Beaucoup Fish, released three years later, is a much more bizarre record than their breakthrough; there’s little of the subtlety of the 1994 classic Dubnobasswithmyheadman, nor much of the ‘what does this do?’ genre hopping of Second Toughest...

Informed by the club sounds of the time - this being an era where trance and hard house pumped out of club speakers across the country – Beaucoup Fish is their most robust album, one that marked a shift from the lyrical obliqueness of past material.

Following their trend of opening albums with an absolute killer cut, the earth-shuddering merged tryptic of tracks on the twelve minutes of "Cups" is up there with their best material. Initially subdued, the dramatic synths and warm, glitchy tech of the first third is perfectly matched with a heavily vocoder-ed and subdued vocal from Karl Hyde, the couplet “Bubble blow a bit faster liquid / bubble fish take fast now faster” showing he was sticking very much to his random cutting and pasting of words technique to come up with lyrics. The mid-section’s use of live (sounding) percussion and David Gilmour-esque washes of guitar act as an effective way to make the listener fall into a trancelike state, making the final third of fierce breakbeats, stuttering cut up vocal noise, synth anger and filthy riffs of electronic dysfunction a devastating thrill. It remains one of their very best pieces of work.

Underworld’s electronic counterparts at this point had all splintered into different areas; Leftfield spent an age recording a second album which, when it finally landed, was…ok, Orbital ventured further into soundtracks and The Prodigy were in the middle of a seven-year gap between 97’s The Fat of the Land and the underwhelming follow up, Always Outnumbered, Never Outgunned. Beaucoup Fish, however, became Underworld’s sole top three album in the UK chart, and listening back now it’s easy to hear why.

Clanking pianos, pissed synths and techno stabs which act as guitar riffs define their most rockist moment, something darker, angrier and harder rocking than any rock band of the time. "King of Snake"'s jittery re-imagining of Giorgio Moroder’s game-changing arpeggios used on Donna Summer’s "I Feel Love" is wildly uncommercial but earwormy with it, and on "Jumbo" they operate almost as a pop act. Using the urgency of techno, bubbling 808 basslines and the swagger of an act knowing they’re creating a timeless classic, it’s the nearest representation of a love song they’ve recorded. As Hyde yearns “I need water / I need a little water, sugar / I get thoughts about you / and the night wants me like a little lost child”, waves of synth create the album’s moment of pure euphoria, the closing half’s use of Phillip Glass influenced chiming piano is a masterful addition on a truly sublime piece of music.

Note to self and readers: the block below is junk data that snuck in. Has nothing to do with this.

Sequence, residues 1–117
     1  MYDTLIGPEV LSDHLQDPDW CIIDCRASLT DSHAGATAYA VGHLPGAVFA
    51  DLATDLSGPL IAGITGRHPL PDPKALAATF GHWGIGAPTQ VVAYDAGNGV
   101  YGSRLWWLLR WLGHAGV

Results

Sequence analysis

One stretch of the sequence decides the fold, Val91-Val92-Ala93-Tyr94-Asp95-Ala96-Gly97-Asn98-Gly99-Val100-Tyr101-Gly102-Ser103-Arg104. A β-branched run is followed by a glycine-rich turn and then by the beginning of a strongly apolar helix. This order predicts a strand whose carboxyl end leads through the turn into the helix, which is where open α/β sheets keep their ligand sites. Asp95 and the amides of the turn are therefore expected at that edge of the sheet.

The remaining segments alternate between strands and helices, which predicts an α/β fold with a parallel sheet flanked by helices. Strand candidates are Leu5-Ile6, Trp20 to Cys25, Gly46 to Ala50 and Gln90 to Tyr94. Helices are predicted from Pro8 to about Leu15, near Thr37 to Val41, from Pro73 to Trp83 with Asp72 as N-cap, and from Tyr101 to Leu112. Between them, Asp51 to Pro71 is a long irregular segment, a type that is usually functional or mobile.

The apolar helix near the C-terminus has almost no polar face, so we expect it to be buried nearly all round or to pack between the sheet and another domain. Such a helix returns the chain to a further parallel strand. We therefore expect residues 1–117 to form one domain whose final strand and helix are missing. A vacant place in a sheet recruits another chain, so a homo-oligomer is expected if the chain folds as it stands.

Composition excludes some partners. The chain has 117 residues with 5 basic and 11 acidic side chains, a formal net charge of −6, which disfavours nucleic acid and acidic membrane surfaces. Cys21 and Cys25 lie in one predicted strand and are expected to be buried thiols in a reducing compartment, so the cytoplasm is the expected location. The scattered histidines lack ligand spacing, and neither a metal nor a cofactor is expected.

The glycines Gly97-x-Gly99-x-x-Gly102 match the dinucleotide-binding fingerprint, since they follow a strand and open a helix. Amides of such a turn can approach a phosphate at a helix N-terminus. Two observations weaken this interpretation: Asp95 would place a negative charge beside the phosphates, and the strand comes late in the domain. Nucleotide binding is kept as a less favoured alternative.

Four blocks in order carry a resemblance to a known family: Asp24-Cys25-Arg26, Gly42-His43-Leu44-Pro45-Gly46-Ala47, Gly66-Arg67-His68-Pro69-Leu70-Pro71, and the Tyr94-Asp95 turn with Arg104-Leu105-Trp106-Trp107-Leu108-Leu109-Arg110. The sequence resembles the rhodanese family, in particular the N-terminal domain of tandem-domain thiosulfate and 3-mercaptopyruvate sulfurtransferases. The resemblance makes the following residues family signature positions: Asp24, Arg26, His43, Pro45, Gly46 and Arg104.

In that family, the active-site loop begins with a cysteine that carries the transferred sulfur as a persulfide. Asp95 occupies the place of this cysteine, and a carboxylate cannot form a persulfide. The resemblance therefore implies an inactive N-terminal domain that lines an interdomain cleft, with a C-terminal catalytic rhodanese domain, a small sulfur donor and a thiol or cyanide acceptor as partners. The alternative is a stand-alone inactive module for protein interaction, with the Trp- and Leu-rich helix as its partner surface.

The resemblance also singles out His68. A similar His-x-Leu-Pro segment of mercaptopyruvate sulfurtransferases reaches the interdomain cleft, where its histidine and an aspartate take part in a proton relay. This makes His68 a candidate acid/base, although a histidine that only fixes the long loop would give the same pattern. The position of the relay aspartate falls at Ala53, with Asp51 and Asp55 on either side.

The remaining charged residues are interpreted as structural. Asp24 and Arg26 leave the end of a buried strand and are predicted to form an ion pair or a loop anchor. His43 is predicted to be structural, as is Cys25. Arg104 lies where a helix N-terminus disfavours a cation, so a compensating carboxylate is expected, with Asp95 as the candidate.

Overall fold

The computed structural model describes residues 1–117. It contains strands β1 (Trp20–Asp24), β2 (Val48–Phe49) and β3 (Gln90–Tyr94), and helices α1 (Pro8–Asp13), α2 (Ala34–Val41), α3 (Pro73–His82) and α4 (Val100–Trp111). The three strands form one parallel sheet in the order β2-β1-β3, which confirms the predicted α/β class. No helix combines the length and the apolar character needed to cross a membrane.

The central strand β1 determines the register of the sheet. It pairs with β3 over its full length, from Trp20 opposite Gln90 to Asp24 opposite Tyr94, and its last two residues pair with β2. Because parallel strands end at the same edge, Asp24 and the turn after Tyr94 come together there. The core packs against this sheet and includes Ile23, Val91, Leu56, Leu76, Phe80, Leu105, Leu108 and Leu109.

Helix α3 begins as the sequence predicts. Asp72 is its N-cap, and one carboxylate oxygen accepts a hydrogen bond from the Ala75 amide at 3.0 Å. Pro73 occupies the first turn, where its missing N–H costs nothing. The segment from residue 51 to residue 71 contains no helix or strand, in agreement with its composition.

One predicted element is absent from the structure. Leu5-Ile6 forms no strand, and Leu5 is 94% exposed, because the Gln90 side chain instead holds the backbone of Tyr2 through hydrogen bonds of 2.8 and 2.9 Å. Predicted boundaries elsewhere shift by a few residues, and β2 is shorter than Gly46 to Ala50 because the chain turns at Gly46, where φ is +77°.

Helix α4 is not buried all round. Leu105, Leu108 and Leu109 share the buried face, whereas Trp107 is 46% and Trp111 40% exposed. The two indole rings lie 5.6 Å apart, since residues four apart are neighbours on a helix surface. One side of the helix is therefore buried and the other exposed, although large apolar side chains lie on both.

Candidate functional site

Elsewhere, "Winjer" doesn’t do much, but does it prettily. This, followed by the Eno-esque ambient noodling of "Skym", creates a mid-album lull, neither particularly bad, but the shift from big room poundings to introspective calm doesn’t work that well.

"Something like a Mama" is the strangest moment here. Over breakbeats and sampled blues riffs, Hyde mumbles “something like a mama… the bull” over and over, while the breakbeats slam over sampled blues riffs and liberal applications of synth. It’s a baffling and brilliant piece of music; complex, tricky and another highlight.

As with the reissues of the two albums prior, the deluxe version of Beaucoup Fish comes in a four CD set. Where previous reissues were crammed with unreleased tracks and fascinating demos, the additional CDs here are mainly variations of the original tracks or remixes by the likes of Salt City Orchestra, techno gods Dave Clarke and Adam Beyer, who excel in their remix work, but the additional CDs won’t have you learning new about the original version.

Beaucoup Fish is a strong album, but it lacks the precision and focus of their previous two records. With Darren Emerson’s split from the band shortly after its release, Hyde alongside Rick Smith released three patchy albums as a duo, not hitting the money again until last year’s excellent return to form, Barbara Babara, We Face A Shining Future. It’s pretty certain that we won’t be needing an extensive deluxe set of 2007’s Oblivion With Bells anytime soon, but returning to this album will act as a reminder of their brilliance.